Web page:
The Cuban Five, as they have become known, were arrested in Florida in 1998 and convicted on various trumped-up “conspiracy” charges. Three were convicted of “conspiracy to commit espionage.” Among them was Hernández, who was also convicted on false charges of “conspiracy to commit murder.”
All but René González remain in prison. He was released last fall after 13 years, but is forced to serve an additional three-year parole in the U.S. Hernández is serving double life plus 15 years.
The U.S. government claims Hernández bore responsibility for the Cuban government’s 1996 shootdown of two hostile aircraft that provocatively entered its airspace in disregard of repeated warnings. The plane was flown by Brothers to the Rescue, a counterrevolutionary group of Cuban exiles based in southern Florida. The Cuban government’s defense of its sovereignty put an end to what had been a growing pattern of provocative incursions.
At the time of their frame-up arrests by the FBI, the five were living and working in southern Florida gathering information for the Cuban government on activities of Cuban-American counterrevolutionary groups with a long history of violent attacks on Cuba and supporters of the Cuban Revolution. For decades these forces carried out various acts of murder and sabotage with the complicity of Washington.
The April 21 action took place on the last of five days of activities by supporters of the framed-up revolutionaries around the world. The actions were initiated by the International Committee for the Freedom of the Cuban Five and endorsed by more than 270 organizations.
In the big-business media “there is silence about the Cuban Five, but every day that passes more people can learn about this case,” Erik Fundora, 40, who came from Cincinnati, told the Militant on the picket line.
On the day of the action a Joint Declaration was issued, demanding freedom for the five as well as three Puerto Rican political prisoners—Oscar Lopez Rivera, Avelino González Claudio and Norberto González Claudio—incarcerated in the U.S. The declaration was signed by 14 former Puerto Rican political prisoners and dozens of groups and individuals supporting this fight.
The declaration said: “Today, when our sons, heroes of our homelands, suffer unjust prison sentences in the dungeons of the Empire and when their most basic human rights are being trampled upon by the government of the United States, our people demand with one voice the freedom of our patriots: Freedom for the three Puerto Rican heroes and for the five Cuban heroes … their only ‘crime’ has been to defend the freedom, peace and tranquility of the Cuban people and to demand the right to freedom of the Puerto Rican people.”
A Puerto Rican contingent organized by ProLibertad joined the picket line with a large banner that included photos of all eight political prisoners.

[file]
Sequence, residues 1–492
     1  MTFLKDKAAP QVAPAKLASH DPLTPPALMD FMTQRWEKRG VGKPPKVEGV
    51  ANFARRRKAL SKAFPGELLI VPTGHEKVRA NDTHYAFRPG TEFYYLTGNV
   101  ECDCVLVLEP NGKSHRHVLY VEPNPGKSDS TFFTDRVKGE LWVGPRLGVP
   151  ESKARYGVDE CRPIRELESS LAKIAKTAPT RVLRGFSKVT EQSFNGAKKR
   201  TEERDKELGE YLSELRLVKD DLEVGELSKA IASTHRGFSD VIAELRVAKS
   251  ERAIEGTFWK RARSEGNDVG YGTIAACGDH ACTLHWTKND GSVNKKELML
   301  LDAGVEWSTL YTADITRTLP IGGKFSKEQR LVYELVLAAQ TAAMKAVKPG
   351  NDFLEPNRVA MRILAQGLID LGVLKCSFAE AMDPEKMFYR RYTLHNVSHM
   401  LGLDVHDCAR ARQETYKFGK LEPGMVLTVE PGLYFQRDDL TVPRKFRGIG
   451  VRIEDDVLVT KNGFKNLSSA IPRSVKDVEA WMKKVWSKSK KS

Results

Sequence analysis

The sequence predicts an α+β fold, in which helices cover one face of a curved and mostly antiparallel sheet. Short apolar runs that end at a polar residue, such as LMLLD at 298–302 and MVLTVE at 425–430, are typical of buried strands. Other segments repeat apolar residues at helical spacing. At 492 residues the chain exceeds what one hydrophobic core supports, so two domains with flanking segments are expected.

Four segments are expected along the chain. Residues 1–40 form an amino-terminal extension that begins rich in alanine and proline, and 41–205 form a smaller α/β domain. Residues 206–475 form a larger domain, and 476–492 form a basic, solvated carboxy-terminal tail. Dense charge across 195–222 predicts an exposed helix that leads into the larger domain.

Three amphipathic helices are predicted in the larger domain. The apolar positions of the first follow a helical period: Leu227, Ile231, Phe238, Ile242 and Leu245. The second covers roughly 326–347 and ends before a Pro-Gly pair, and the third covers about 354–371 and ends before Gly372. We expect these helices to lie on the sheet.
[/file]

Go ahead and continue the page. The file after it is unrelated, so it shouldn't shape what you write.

Four busloads traveled from New York to participate in the picket. One of these was sent by AFSCME Local 372, which organizes New York City Board of Education workers. Many of the workers decided to make the trip after hearing a report at a recent union meeting by Local 372 President Santos Crespo on his recent trip to Cuba. They were eager to learn more about the case of the five and the fight for their freedom.
A special edition of Local 372’s newsletter on Cuba, which includes a section outlining the frame-up, was distributed to everyone on the bus.
“Many more can be educated on what the Cuban Five case is all about,” Shaun Francois, 45, an African-American who works for the Board of Education delivering food goods to local schools, told the Militant after participating in the White House action. “Power is in numbers and we need more to participate. Many workers living here need to learn more about Cuba.”
At a rally held at the conclusion of the picket line, a message was read from Gerardo Hernández on behalf of the Cuban Five. “We are overwhelmed by the success of the five days for the Cuban Five in Washington, D.C.,” he wrote. “It is the perfect example of the power of solidarity in our struggle to win over the hearts and minds of others into our road to freedom.
“We know that justice is on our side and in the end we will be victorious because of our friends around the world that continues to grow not just in numbers but in determination and energy. …
“After almost 14 years of unjust imprisonment, the cause of the Cuban Five is in a very special moment. A moment that requires us to double our efforts for our claim to be heard and to make it impossible for the U.S. government to ignore,” he wrote.
The evening before the demonstration, a public meeting was held at the Festival Center in northwest Washington that included an exhibit of political cartoons by Hernández. Among the speakers were Dolores Huerta, co-founder of the United Farm Workers; actor Danny Glover; professor and filmmaker Saul Landau; and Wayne Smith, former chief of U.S. Interests Section in Havana.
The five days of events was wrapped up following the picket with a meeting at the Venezuela Embassy.
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